Sunday, April 01, 2012


Irv Edelman 1944
Coach Edelman's passing last week served as a fresh reminder of how lucky we were to have a number of the “best” of the Greatest Generation as teachers. Many came almost directly from the foxholes of battle to our classrooms.

Irv Edelman was one of them.

"So, I went overseas as a corporal. We fought our way up the coast of New Guinea and made the landing at the Lingayen Gulf in the Philippines"  -Irv Edelman

MacArthur Landing at Lingayan

He must have arrived at Piedmont around 1946. I first saw him in 1949 when I entered the 7th grade. We met for the first time in the fall of the following year when I ran into him in the hall one day and got up enough courage to introduce myself and tell him that I was going to try out for his football team the following year (only 9th graders were eligible.)

Well, son,” he replied, “I sure hope you pick up some weight over the summer. You're awfully thin.”

Those were his exact words. I've never forgotten them. I took it as a warning. I was sure that I wouldn't make the team if I didn't get bigger, like the Coach had asked me to.  And, I wanted to be on the football team more than I'd ever wanted anything up to that time!

Besides, playing the violin and being the drum major of the band wasn't getting me anywhere with the girls. (By the way, I've spent a lifetime trying to buy up all of the existing pictures of me in the Piedmont Jr High School drum major uniform.)

Try as I might, I don't think I gained more than 3 pounds over the summer that year and didn't grow an inch taller.

Although worried that the Coach would think that I had deliberately ignored his request, I went out for the team anyway.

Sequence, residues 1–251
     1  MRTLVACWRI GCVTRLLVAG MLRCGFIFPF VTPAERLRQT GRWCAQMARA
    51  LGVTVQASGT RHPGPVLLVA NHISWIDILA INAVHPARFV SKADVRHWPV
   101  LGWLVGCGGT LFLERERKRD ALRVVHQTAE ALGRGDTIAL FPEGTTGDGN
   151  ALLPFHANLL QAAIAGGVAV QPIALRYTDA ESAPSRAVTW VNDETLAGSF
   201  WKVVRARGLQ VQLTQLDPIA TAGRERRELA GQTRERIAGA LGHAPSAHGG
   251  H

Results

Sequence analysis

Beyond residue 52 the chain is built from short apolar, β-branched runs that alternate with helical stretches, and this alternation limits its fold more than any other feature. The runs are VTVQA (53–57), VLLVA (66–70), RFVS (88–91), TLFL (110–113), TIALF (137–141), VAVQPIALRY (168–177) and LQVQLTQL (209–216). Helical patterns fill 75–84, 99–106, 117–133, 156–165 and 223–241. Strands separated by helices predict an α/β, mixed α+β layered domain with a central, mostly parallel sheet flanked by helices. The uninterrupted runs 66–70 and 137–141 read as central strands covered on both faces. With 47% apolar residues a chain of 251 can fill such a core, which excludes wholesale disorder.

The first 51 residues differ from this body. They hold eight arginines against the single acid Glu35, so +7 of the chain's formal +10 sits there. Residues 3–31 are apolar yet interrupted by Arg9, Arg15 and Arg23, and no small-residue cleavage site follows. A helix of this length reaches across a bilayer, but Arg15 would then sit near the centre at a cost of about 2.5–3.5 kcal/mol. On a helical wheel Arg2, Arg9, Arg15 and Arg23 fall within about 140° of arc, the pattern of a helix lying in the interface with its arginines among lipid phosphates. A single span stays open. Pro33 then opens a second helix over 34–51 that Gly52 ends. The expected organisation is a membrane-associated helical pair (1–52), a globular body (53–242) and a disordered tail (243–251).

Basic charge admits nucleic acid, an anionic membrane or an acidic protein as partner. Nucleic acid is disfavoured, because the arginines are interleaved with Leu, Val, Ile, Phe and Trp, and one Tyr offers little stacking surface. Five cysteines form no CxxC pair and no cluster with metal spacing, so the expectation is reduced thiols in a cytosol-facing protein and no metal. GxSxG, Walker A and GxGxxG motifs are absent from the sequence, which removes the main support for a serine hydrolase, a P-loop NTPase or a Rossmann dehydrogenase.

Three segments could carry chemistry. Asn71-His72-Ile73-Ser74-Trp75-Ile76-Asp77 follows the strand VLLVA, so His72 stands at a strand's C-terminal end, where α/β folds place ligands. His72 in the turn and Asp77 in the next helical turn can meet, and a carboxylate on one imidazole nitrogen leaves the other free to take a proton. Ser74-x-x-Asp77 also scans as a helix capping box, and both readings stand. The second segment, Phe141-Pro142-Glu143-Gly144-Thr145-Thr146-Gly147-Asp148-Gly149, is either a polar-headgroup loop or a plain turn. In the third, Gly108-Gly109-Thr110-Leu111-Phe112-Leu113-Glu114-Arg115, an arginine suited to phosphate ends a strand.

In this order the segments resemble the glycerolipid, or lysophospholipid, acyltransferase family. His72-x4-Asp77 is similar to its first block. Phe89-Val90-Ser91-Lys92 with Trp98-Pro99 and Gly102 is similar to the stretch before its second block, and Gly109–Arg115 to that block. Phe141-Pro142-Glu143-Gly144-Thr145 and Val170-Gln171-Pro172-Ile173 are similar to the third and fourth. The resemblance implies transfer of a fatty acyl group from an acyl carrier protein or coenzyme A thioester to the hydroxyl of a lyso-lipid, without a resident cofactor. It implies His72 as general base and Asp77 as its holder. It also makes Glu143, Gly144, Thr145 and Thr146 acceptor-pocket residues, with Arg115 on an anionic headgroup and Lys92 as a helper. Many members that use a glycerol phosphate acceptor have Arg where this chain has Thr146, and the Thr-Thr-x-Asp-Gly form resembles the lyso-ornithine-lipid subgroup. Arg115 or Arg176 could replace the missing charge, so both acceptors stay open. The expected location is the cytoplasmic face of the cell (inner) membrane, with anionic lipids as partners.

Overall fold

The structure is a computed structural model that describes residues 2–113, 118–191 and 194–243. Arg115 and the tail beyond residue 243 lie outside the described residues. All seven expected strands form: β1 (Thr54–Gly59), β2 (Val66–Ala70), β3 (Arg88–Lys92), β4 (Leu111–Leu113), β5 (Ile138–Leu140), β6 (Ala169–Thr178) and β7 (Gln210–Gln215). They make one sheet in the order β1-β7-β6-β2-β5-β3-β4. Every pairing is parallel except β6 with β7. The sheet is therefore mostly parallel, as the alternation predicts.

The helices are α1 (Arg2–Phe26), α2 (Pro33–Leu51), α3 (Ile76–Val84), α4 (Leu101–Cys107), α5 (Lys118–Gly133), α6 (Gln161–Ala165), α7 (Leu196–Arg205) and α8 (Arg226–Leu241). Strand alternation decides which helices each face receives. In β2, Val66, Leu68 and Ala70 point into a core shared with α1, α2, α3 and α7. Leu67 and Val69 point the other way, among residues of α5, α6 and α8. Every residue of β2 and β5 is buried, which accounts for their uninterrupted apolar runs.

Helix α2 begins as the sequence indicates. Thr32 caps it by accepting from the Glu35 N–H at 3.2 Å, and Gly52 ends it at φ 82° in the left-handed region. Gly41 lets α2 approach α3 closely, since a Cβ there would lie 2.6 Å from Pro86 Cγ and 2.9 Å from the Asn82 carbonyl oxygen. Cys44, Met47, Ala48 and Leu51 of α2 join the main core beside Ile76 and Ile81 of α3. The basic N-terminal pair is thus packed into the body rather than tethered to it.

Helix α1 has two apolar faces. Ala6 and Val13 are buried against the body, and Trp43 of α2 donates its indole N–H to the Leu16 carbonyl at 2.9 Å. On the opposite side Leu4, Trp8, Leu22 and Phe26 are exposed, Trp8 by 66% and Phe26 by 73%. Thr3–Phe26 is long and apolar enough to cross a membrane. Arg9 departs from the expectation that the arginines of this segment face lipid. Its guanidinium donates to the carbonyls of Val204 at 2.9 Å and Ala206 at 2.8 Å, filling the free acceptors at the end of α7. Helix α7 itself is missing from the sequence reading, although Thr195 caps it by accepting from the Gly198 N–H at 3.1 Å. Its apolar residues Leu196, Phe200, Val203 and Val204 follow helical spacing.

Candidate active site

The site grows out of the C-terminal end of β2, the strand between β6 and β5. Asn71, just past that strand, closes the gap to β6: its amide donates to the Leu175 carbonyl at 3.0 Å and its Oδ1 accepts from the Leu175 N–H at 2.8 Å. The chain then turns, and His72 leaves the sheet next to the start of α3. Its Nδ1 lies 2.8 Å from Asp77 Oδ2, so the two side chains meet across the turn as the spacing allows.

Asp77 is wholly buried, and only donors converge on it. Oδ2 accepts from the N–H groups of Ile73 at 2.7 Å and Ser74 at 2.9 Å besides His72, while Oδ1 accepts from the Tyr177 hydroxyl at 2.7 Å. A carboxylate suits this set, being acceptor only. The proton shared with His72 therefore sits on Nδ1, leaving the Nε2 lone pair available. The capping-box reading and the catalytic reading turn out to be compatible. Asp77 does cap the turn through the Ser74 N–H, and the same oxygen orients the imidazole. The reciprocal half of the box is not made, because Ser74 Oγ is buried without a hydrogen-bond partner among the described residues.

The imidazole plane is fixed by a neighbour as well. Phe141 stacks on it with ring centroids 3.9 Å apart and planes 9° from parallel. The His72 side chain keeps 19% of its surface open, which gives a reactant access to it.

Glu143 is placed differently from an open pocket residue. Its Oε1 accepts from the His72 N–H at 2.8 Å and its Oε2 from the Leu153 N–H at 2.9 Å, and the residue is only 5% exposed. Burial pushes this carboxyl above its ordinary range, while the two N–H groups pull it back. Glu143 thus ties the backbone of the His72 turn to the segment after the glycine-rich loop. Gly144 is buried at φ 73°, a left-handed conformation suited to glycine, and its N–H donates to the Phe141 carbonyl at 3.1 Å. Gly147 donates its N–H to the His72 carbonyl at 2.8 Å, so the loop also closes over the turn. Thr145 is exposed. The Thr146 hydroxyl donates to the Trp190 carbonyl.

I knew I had made it when he cornered me after practice one day and said,
“ You know, this means that you won't be able to lead the band at halftime.”

That was one of the happiest days of my young life.

Later, when we were both at Central, I was chosen to perform at one concert with the Charlotte Symphony Orchestra. However I was required to wear a tuxedo...which I didn't have.

The coach found out about it, and loaned me his.

I don't know if teachers do that kind of thing nowadays or not, but I doubt it.

Coach Edelman and I remained friends for the rest of his life. He made a number of business trips to Washington after I had moved up here, and each time he visited Linda and me and later got to know our children.

We've stayed in touch by phone and letter even after his move to Florida . After his stroke a few years ago, his letters continued although he was unable to use his hand and had to dictate them.

Jan Karon and Ed Myers
The last letter I got from him was a reply to my letter telling him of my visit with Jan Karon last summer...and passing on her glowing praise and fond memories of having him as our 9th grade homeroom teacher.

I sent him a picture of Jan and me, taken that day at her mansion in Charlottesville, VA.

This was the Coach's reply, which turned out to be.........the last time I ever heard from him:

I feel like the Coach and I came full circle.

Rest in Peace, Coach!